Physician groups more bullish on shifting care to lower-cost settings than hospitals
More than half of physician organizations surveyed about marketplace opportunities to improve quality and efficiency use incentives to shift care to lower-cost settings. But only one-third of hospitals and about one-fourth of health system respondents said they were doing so.
That's just one of the findings of the NEJM Catalyst Insights Council report summarized by the publication. It was an indication of the degree to which physician organizations and hospital or healthcare delivery systems define "low-hanging fruit" differently, according to the article.
The three groups used high-risk care coordinators to the same degree--about 70 percent said they use the coordinators--but larger organizations based on patient revenue were more likely to use high-risk care coordinators and incentives to keep care within the system.
High-risk care coordinators have been shown to reduce care costs for insured patients with chronic conditions: One study showed average monthly cost of care fell 21 percent for the highest-risk patients, FierceHealthFinance previously reported.
One independent community hospital in Illinois used 60 newly trained clinical care coordinators as part of a new patient flow model that reduced lengths of stay and kept patients better informed of the procedures, testing and other events scheduled each day.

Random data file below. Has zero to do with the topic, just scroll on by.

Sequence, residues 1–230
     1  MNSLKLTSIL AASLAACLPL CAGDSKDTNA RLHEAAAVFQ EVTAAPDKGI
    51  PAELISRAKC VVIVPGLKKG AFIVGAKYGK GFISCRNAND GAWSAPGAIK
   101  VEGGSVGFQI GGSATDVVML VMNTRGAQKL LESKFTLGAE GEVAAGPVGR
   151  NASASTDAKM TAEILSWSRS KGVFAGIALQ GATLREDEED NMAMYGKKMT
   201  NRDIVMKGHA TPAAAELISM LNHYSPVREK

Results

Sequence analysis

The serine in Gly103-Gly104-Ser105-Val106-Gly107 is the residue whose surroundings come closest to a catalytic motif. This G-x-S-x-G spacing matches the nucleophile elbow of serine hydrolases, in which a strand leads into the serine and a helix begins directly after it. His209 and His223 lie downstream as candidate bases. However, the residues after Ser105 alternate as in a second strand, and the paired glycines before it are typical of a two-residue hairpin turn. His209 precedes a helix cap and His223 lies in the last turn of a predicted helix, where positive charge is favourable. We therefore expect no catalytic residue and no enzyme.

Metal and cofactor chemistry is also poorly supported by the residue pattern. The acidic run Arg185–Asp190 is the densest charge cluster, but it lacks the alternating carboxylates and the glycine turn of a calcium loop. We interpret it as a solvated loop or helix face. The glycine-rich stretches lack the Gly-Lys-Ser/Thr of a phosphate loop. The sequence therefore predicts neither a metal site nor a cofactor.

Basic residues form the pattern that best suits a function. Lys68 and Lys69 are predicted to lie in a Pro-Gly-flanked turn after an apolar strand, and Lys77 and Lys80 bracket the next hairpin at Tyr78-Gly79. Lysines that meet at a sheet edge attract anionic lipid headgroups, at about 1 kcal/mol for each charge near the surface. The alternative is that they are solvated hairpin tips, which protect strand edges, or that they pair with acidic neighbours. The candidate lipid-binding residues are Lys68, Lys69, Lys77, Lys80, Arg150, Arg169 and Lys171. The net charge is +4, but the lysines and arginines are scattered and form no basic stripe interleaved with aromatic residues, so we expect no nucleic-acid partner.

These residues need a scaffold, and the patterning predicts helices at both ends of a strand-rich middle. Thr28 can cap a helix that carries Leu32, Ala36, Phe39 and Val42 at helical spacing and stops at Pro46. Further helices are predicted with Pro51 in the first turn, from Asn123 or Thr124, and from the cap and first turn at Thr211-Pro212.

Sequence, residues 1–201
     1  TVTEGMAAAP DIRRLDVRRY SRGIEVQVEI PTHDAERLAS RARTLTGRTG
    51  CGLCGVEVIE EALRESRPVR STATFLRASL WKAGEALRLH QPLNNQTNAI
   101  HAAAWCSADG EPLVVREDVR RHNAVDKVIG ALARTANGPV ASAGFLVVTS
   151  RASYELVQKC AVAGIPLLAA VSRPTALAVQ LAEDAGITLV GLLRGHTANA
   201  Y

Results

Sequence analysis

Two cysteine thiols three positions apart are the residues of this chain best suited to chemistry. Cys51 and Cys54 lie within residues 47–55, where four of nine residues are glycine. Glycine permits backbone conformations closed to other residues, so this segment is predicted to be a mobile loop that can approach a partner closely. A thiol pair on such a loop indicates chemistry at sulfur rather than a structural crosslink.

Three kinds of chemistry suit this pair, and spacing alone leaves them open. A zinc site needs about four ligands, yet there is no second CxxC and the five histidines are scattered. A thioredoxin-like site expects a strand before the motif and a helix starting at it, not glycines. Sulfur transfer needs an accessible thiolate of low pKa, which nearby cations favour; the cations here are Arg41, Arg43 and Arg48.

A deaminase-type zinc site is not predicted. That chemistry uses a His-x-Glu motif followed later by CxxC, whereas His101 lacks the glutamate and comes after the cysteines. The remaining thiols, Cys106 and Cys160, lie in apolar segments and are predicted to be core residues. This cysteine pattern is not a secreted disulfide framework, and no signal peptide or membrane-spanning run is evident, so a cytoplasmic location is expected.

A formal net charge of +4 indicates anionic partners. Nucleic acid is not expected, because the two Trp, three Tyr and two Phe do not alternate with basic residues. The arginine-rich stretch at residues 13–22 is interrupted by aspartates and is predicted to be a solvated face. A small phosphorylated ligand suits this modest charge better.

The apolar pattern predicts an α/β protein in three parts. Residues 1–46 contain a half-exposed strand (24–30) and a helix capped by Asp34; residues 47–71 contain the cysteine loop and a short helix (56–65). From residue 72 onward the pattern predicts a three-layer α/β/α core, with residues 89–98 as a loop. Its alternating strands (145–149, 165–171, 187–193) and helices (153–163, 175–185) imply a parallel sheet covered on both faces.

The survey of 297 healthcare leaders also found that health systems were more likely to put groups of doctors at risk for total medical expenditures for populations of patients, known as capitation--42 percent reported doing so, versus 21 percent of hospital and physician organizations. Researchers said that could be because hospitals and physician groups didn't have the skills or infrastructure to employ risk-sharing.
The South reported significantly lower rates of capitation than the Northeast or the Northwest, according to the article, possibly because there are more for-profit entities.
Across the board, there was no evidence that larger organizations were likely to do more to improve quality and efficiency, according to the article. In addition, there was evidence that some initiatives such as same-day appointments could be harder to implement in bigger, more complex organizations.
The findings suggested that "different parts of the healthcare system respond to different incentives, and leaders probably need to tailor thinking about competition and pressure for improvement for different settings," the researchers concluded.
To learn more:
- read the NEJM Catalyst article
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